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Early voting continued Sunday without long waits to cast ballots

Social distancing spots marked by highlighter-yellow tape extended into the Doolittle Community Center parking lot Sunday afternoon, unoccupied by early voters.

Minimal activity in polling place parking lots was a familiar sight. While some locations saw lines in the morning, many others in the Las Vegas Valley had little to no wait to cast ballots as Clark County rounded out its first weekend of early voting.

Still, as of 3 p.m., some 17,000 voters had cast ballots Sunday, Clark County Registrar of Voters Joe Gloria said. At the same time Saturday, more than 17,800 had cast ballots across the county. Gloria said he received no reports on Sunday of the same type of long lines that voters experienced a day earlier.

He also said technology issues did not cause a considerable slowdown throughout the day.

“Second day usually smooths out because we’ve got experienced guys from the day before,” Gloria said. “The process of getting voters in and getting out gets much more efficient.”

In total, more than 27,000 people cast ballots in Clark County on the first day of early voting. Of those, 12,187 were Democrats, 10,267 were Republican, and 4,809 were nonpartisan.

Through Saturday, nearly 87,000 people cast mail ballots. About 50,000 of those came from Democrats, nearly 17,200 were from Republicans, and about 19,700 were from nonpartisan voters.

No wait

Nicholas Barkley, 36, of Las Vegas voted on Sunday at the polling location in the Meadows Mall parking lot with no wait.

He said he wanted to vote in person because he does not like that President Donald Trump has cast doubt on mail ballots. Barkley voted for former Vice President Joe Biden.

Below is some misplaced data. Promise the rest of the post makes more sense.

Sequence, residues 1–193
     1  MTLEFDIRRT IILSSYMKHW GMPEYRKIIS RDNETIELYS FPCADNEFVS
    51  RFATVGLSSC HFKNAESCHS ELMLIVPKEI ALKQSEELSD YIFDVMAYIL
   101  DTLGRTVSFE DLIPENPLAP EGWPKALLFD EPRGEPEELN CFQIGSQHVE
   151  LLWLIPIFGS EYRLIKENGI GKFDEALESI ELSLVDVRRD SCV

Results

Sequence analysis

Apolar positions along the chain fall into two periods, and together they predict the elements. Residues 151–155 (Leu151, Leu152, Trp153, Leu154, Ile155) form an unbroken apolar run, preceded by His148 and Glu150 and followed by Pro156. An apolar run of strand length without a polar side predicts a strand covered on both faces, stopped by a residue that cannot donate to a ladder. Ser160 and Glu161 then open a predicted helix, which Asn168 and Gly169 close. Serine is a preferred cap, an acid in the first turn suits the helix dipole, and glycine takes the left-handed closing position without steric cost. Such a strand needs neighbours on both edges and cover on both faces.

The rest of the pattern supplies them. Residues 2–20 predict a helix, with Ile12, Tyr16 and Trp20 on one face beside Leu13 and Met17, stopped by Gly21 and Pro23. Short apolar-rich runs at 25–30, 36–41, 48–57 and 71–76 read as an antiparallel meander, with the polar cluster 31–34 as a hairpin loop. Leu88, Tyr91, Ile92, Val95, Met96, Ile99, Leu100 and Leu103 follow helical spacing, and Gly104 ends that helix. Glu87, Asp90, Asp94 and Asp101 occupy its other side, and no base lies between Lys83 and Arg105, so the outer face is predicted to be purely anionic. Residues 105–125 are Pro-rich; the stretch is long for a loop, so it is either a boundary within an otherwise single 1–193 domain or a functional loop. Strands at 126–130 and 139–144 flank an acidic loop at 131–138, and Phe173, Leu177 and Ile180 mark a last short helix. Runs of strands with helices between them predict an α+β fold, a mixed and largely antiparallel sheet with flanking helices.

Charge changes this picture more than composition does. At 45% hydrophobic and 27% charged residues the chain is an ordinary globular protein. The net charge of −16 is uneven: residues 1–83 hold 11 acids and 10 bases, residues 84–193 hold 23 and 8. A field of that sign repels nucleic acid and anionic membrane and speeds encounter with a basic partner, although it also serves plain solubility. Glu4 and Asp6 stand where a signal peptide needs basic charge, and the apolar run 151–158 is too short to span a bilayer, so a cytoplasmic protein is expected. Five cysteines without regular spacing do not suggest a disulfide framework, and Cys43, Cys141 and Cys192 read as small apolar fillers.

“He’s not as progressive as I would like, but, I mean, it can’t be Trump,” Barkley said.

The Meadows Mall location had no line at about 12:45 p.m., but many of the location’s 40 voting machines were occupied.

At the Doolittle Community Center on Lake Mead Boulevard, near Martin Luther King Boulevard, Karl Armstrong, 62, said he dropped off his mail-in ballot. Only a handful of people were voting inside the community center early Sunday afternoon.

He said he did not want to mess with mailing in his vote.

“I wanted to make sure that the election department had their hands on my ballot,” he said.

Well-organized, no issues

In Henderson, there were few people in line, but as the afternoon continued, voters had to form a short line outside a white tent in the parking lot of the Galleria at Sunset mall.

Many said they waited in line for less than 20 minutes and expressed that they wanted to make sure their votes were counted as legitimate for the election.

Deanna Hajjar of Henderson said the process moved quickly and election officials were organized. She and her family went to vote in person for the experience of voting, Hajjar said.

Las Vegas residents Larry Wilson, 48, and his 18-year-old daughter, Tatyana, voted at the East Las Vegas Community Center at Eastern and Stewart avenues.

Larry said he did not experience any issues with the process and that the poll workers were helpful. He decided to vote early in part because he has concerns with the U.S. Postal Service and worried he may not have his vote counted if he mails his ballot in.

The Wilsons supported Biden.

Jose and Bea Gonzalez, both 69, cast their ballots outside the Las Vegas Athletic Club near Lake Mead and Rainbow boulevards. Both supported Trump in 2016 and voted on Sunday to re-elect him.

“We don’t want our country to turn socialist,” Bea Gonzalez said.

Jose said he voted early because he wanted to avoid crowds later on. He also said he thinks voting in person is safer than voting by mail.

Mail ballots safe

Experts say voting by mail is safe and that voter fraud in the U.S. is rare.

“The truth is, I filed a lawsuit and we have been able to stop the sabotage of the United States Postal Service, and I have the utmost confidence in it,” Attorney General Aaron Ford said Sunday.

However, those who remain uncomfortable with the process can drop off their ballot or vote in person.

“You have so many different ways for people to be able to exercise their franchise, there’s really no excuse,” Ford said.

Early voting ends Oct. 30.

Contact Blake Apgar at bapgar@reviewjournal.com or 702-387-5298. Follow @blakeapgar on Twitter. Review-Journal staff writer Alex Chhith contributed to this report.

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